The Authentic Self
The authentic self, authentic living and well-being.
We are all sooner or later faced with the most profound question about our existence, “Why am I here?” This philosophical viewpoint gives rise to questions such as.
- Is this all there is to life, work, sleep, eat and die?
- How do I find meaning and purpose to my life?
- Am I doing what I really should be doing?
- How is it possible to live out my purpose?
These questions all lead to a remarkable journey of self-discovery of our authentic self, which is expressed as authentic living.
Authenticity is now considered as the most crucial and fundamental aspect of well-being and healthy functioning according to mainstream counselling psychology. Authenticity is not just a precursor to well-being but the very essence of health and well being. Psychopathology (mental illness) can be seen as a departure from authenticity.
Authenticity as a construct has emerged from person-centred psychology through consensus and debate to agree on the content and boundaries of authenticity.
According to Barrett-Leonard (1998) authenticity is considered as a tripartite construct, i.e. having at least three levels:
- Level 1: The person’s primary experience
- Level 2: Their symbolised awareness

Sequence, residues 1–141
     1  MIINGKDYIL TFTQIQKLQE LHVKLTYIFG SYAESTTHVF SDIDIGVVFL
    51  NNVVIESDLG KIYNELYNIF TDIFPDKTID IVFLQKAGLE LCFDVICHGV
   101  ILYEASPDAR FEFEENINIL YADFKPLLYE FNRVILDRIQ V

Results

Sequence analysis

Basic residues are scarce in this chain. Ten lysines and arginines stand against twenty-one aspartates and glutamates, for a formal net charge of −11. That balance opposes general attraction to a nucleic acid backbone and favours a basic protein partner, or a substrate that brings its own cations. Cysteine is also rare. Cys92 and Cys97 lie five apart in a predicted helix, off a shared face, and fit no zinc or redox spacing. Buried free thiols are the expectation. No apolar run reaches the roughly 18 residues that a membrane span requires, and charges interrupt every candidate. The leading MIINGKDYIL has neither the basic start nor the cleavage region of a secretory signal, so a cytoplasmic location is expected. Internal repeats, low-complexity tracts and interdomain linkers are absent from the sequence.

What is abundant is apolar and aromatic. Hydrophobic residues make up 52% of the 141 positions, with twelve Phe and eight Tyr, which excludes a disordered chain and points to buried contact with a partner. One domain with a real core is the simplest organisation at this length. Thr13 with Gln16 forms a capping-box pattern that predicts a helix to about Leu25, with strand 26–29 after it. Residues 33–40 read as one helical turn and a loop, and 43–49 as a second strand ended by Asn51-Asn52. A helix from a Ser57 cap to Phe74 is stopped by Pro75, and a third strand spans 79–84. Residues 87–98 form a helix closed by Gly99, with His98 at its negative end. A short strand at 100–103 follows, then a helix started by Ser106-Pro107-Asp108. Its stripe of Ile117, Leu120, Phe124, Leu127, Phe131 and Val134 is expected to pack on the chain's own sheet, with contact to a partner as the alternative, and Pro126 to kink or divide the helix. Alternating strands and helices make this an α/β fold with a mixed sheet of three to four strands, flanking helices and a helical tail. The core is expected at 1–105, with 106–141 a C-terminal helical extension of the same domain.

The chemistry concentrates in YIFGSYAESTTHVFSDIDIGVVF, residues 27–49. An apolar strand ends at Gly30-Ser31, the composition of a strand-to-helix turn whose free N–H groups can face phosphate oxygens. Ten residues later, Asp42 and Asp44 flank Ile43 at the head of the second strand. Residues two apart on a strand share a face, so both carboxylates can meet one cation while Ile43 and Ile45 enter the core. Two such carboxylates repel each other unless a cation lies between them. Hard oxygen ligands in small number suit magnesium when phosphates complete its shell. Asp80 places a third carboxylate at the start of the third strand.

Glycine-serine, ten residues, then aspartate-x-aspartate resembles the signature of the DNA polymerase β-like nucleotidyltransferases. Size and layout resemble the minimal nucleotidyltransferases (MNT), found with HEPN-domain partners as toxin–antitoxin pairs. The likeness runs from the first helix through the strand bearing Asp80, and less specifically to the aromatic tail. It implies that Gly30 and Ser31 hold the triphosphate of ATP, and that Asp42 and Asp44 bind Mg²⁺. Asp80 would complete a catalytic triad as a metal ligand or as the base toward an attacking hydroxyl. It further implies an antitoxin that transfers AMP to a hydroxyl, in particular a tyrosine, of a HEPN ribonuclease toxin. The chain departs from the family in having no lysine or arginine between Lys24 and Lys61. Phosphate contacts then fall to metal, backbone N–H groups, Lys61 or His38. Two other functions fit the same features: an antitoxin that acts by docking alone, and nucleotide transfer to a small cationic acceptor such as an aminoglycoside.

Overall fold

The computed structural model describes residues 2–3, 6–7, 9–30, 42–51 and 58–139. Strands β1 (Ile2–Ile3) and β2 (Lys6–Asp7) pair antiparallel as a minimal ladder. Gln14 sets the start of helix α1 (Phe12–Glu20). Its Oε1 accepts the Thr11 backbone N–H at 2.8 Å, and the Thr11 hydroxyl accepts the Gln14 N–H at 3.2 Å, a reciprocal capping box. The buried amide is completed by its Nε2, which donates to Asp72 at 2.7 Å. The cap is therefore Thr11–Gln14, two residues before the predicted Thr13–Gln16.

- Level 3: Outward behaviour
The first level identifies the mismatch between conscious awareness (subjective awareness of physiological, mental and emotional states) and actual experience of physiological, mental and emotional states.
The difference, or mismatch between conscious awareness and actual experience identifies the extent to which the person suffers from self-alienation. This aspect of authenticity identifies the subjective experience of not knowing oneself, or feeling out of touch with oneself.
The second level identifies authentic living. This is the harmony between experience as consciously perceived and external expression or behaviour. Authentic living involves being true to oneself and living in accordance to one’s own values and ethics.
The third level identifies one acceptance and responses to external influences, since Human beings are social beings therefore their sense of self-alienation and authentic living are both affected by external factors and people.
Therefore authenticity can be considered to be composed of self-alienation, authentic living and accepting external influences
|PTSD improved by Mindfulness - Tue, 11 Aug 2015|
|16 and 17 year olds suffering under pressure says charity - Fri, 26 Jun 2015|
|Depression in pregnancy linked to higher risk of child mental health problems - Fri, 05 Jun 2015|